Author Archives: clive

PA Consulting Raspberry Pi competition 2016

via Raspberry Pi

This thing will change your life

In October 2011, Raspberry Pi co-founder Jack Lang handed me a beta version of the Raspberry Pi. This changed my life. The Pi was familiar yet unworldly:  a computer the size of a credit card. As both a teacher and a maker it was a revelation. For the next year I nested in a skip in Cambridge, chittering gently and generally making a pest of myself, until the Foundation lured me into their very first office with a trail of Jaffa Cakes, and put me to work.

Homewood School's SportTrax GPS system

Homewood School’s SportTrax GPS system

It was the best of times…

In early 2013, Computing in the English National Curriculum was over a year away, and although things were starting to happen in the world of computing education, the Pi was still a little bit groovy and a little bit radical for the average ICT classroom. Fortunately, we weren’t the only ones who thought that this small computer could bring about big changes. PA Consulting spotted the potential of the Pi — still in its first incarnation — as a tool for making, problem-solving and collaboration. Each year they challenge schools to use the Raspberry Pi to invent something around a theme. I was lucky to be one of the judges for the first competition in 2013 and it’s been one of my favourite Raspberry Pi events since.

PA’s Raspberry Pi Competition 2016 – Finals

PA’s Raspberry Pi Competition 2016 – Finals Making the difference by inspiring the innovators of the future @PA_Consulting – #PAPiAwards16 – @PA_RaspberryPi http://www.paconsulting.com/raspberrypi Finalists event: 14 April 2016 The Raspberry Pi is one of the most exciting innovations of recent years.

We set this competition up four years ago because at PA we are passionate about technology and innovation, so it was really important for us to encourage the next generation to be as passionate as we are. — Anita Chandraker, Head of Digital at PA Consulting

The 2016 competition

This is the fourth year that I’ve helped judge the competition and each year we’ve been amazed by this innovation and passion. The 2016 final, held at the magnificent Institution of Engineering and Technology in London, was no different. The theme was ‘sports and leisure’, and students scrambled to explain how they’d built and programmed their inventions, which ranged from keep-fit games in Scratch to applications that wouldn’t look out of place at a tech show.

pa rory

I helped judge the Year 12-13 category which, after much tea and deliberation, was won by Highgate School with PiTime, a system for recording race times and taking finish-line photos. Despite stiff competition — Homewood School’s seriously professional SportTrax deserves a special mention — PiTime won because it was cheap, smart and solved a real-world problem for the team members, who are both competitive runners. Full details of all finalists and the winners in other age categories are on PA’s competition site.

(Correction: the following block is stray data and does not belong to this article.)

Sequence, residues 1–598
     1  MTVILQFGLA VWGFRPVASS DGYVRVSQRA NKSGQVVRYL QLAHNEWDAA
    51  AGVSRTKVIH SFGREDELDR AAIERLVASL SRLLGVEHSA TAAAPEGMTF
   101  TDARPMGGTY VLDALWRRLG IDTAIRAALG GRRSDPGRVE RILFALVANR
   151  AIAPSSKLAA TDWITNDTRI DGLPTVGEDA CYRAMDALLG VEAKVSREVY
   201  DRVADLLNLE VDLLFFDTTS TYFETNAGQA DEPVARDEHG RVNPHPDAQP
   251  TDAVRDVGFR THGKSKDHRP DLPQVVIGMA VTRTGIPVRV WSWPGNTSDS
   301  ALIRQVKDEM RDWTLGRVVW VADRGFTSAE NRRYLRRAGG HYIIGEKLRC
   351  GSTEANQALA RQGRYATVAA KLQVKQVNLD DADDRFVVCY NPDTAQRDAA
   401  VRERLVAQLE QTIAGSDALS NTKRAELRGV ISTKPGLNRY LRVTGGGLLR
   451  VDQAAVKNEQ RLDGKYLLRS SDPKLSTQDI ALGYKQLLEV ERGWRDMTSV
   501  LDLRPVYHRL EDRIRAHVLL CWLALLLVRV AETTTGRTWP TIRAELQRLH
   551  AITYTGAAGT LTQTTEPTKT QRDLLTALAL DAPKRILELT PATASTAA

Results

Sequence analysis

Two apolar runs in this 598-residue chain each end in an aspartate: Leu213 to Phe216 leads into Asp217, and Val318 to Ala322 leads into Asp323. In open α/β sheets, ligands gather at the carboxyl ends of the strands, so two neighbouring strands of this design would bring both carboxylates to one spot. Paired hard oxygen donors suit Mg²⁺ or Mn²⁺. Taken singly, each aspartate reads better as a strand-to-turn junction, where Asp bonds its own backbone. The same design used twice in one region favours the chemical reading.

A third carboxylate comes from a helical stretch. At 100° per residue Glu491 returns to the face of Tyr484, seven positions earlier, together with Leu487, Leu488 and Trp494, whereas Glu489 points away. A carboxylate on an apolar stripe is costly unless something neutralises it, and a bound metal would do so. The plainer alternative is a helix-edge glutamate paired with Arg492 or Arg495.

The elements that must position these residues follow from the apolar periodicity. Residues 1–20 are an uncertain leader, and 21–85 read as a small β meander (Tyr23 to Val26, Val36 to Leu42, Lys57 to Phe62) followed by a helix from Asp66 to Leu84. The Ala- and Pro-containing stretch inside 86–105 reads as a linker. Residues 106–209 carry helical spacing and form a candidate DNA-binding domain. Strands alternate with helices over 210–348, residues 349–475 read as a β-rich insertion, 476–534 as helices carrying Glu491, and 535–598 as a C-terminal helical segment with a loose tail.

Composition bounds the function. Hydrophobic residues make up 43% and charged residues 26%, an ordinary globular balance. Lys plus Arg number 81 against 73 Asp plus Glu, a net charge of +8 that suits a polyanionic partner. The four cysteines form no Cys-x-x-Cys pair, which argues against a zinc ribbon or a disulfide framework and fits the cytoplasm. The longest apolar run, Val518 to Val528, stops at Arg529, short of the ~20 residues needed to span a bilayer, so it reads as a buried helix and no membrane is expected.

Egglescliffe CE Primary School's Colour Smash

Egglescliffe CE Primary School’s Colour Smash

Success story

As well as showing off their creations, the finalists had the chance to meet experts from industry and the world of tech. One of these sages was Tom Hartley, winner of the 2013 competition with teammate Alyssa Dayan for their AirPi. He says that the competition, “… opened up a world of opportunities for me — things I never could have imagined became possible.” Tom is currently studying Electronic and Information Engineering at Imperial College, and it’s wonderful to think that the competition and the Raspberry Pi have played some small part in this.

Tom Hartley speaking to kids

Where does your pebble walk to, Grasshopper? Tom Hartley sharing WISDOM.

Digital making is central to the Foundation’s ethos. It’s a crazy Venn diagram of fabulous skills, from problem-solving, collaboration and creativity through to programming, electronics and soldering. All put in a Klein bottle and given a good shake. PA Consulting saw this very early on and we’re pleased and proud that they continue to run such an inspiring competition.

Digital making is also a powerful and beautiful thing: it changed my life, it changed Tom’s life, and it’s changing the lives of young people all over the world.  So get involved, whether it’s though a Raspberry Jam, a local hack space, Code Club or just by browsing our resources for ideas. And if you are a teacher then please enter the PA Competition next year — even if doesn’t end up changing lives it’s a lot of fun and a great day out for the students :)

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Raspberry Pi Oracle Weather Stations shipped

via Raspberry Pi

Big brown boxes